Saturday, June 3, 2023

Rogers to redirect $13M in local expression funding from Global to CityNews

Without access to funding, Corus Entertainment says its Global television stations across the country will be left “in a precarious and unduly disadvantaged position” as Rogers Communications moves to redirect $13 million in local expression funding to its CityNews stations.

In a letter to the CRTC, dated May 10 and posted to the commission website this week, Corus requests confirmation of its eligibility to participate in the Independent Local News Fund (ILNF), funded by licensed broadcasting distribution undertakings (BDUs), which are required to contribute 0.3% of gross revenues from the previous broadcast year.

Prime Minister Justin Trudeau takes part in an interview with Global reporter Neetu Garcha in Burnaby, British Columbia, Canada September 13, 2021. (Sean Kilpatrick/Pool via REUTERS, Alamy)

Corus – which is effectively controlled by the Shaw Family Living Trust – says given Rogers recent acquisition of Shaw Communications, Rogers has confirmed it will redirect Shaw’s approximately $13 million annual local expression funding from 15 Corus-owned Global stations to six competing Rogers-owned Citytv stations.

“Absent that confirmation, Corus’ 15 Global stations will soon be the only private, conventional local news broadcasters without access to regulated funding under the commission’s local and community television policy,” reads the letter, stating the company “has been left with no alternative but to pursue ILNF funding.”

“Conversely, denying or delaying this request would leave local Global Television stations across Canada in a precarious and unduly disadvantaged position, which could impact their news operations,” it continues, stating that it expects Rogers to discontinue funding to Global shortly.

The letter notes Corus raised concerns about the impact of losing that funding during the CRTC’s Rogers/Shaw proceeding, but the commission approved Rogers’ application to acquire Shaw’s broadcasting assets, nonetheless.

Competing for audiences, revenues

Global says losing access to regulated local news funds will leave it in an increasingly challenged position to compete for audiences and revenues with the public broadcaster, in addition to foreign over-the-top digital streaming services, which remain unregulated.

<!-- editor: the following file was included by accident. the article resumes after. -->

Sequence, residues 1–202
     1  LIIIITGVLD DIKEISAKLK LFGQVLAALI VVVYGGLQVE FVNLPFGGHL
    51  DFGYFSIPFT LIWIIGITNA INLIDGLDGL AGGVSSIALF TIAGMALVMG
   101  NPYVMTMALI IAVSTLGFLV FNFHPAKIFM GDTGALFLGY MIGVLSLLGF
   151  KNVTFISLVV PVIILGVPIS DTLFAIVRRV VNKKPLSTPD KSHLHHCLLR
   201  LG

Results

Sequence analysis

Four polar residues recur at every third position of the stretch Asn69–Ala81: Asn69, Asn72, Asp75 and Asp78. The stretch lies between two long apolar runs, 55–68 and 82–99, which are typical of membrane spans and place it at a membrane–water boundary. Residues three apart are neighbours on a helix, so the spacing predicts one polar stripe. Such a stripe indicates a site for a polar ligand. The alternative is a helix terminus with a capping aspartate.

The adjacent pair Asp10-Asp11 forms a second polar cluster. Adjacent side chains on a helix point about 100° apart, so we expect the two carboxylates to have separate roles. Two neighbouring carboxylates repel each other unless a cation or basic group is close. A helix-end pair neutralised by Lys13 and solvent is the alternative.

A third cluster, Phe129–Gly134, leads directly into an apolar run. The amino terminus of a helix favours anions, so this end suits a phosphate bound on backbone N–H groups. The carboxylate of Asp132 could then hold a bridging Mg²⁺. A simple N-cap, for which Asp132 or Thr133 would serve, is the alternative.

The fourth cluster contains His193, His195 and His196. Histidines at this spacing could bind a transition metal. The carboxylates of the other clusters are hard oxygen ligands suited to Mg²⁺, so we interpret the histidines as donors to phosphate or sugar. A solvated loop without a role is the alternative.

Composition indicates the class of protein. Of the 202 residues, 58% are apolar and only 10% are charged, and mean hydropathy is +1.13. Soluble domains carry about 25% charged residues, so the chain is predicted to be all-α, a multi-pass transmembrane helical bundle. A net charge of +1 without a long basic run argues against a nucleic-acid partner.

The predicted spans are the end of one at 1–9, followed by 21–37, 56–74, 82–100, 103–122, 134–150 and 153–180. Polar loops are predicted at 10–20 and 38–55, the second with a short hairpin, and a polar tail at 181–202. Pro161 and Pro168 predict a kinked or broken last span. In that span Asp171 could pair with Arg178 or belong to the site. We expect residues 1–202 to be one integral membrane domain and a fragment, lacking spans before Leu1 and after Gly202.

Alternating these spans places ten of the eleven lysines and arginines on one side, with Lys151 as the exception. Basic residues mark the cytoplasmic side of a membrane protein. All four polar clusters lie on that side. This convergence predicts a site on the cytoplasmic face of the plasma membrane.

“On numerous occasions, the CRTC has acknowledged that the economics of local news are most precarious in small and mid-sized television markets. However, the Commission should also note that the $13 million formerly allocated to 15 Global stations will soon shift to just six competitor stations, all of which operate in metropolitan markets,” the letter continues. “Corus acknowledges Rogers’ legitimate interest in supporting its affiliated Citytv stations, but notes with concern that Global newsrooms operating in the same markets – to say nothing of vertically integrated CTV stations and publicly funded CBC stations – will operate at an undue competitive disadvantage.”

Image Credit: Alamy

Corus says traditionally, over-the-air stations were able to deliver news as a public service based on internal cross-subsidies, but that’s no longer the case with the sharp decline in television revenues, noting a nine per cent dip in ad revenue, year-over-year in the period from Sept. 1, 2022 to Feb. 28 of this year.

“Broadcasters could afford to lose money on news coverage to build their relevance to local audiences, knowing those losses could be recouped from advertising revenues generated across the rest of their delivery system – primarily through prime-time programming. But in recent years these internal supports have collapsed,” it stated.

Corus says it is undergoing an “enterprise-wide cost review extending to all business units” which it states are already in a difficult financial situation.

“Against this backdrop, Corus has been left with no alternative but to pursue funding from the ILNF. To be sure, our company remains dedicated to local programming in Canadian communities, and Global News’ commitment to high-quality, public service journalism is unquestioned…In an era of rising polarization and misinformation, we view this work as a public service with immense cultural significance and want to continue doing it long into the future, but our ability to do so is in jeopardy. In the short-to-medium term, without access to regulated funding – or alternative regulatory relief – it will not be possible to sustain generally unprofitable news programming at current levels in 15 local markets.”


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Connie Thiessen
Connie Thiessenhttps://broadcastdialogue.com
Connie has worked coast-to-coast as a reporter, editor, anchor and host at CKNW and News 1130 in Vancouver, News 95.7 and CBC in Halifax, and CFCW Edmonton, among other stations. With a passion for music, film and community service, she led News 95.7 to a 2013 Atlantic Journalism Award and regional RTDNA award for Best Radio Newscast. More recently, she was nominated for Music Journalist of the Year at Canadian Music Week 2019. To report a typo or error please email - corrections@broadcastdialogue.com

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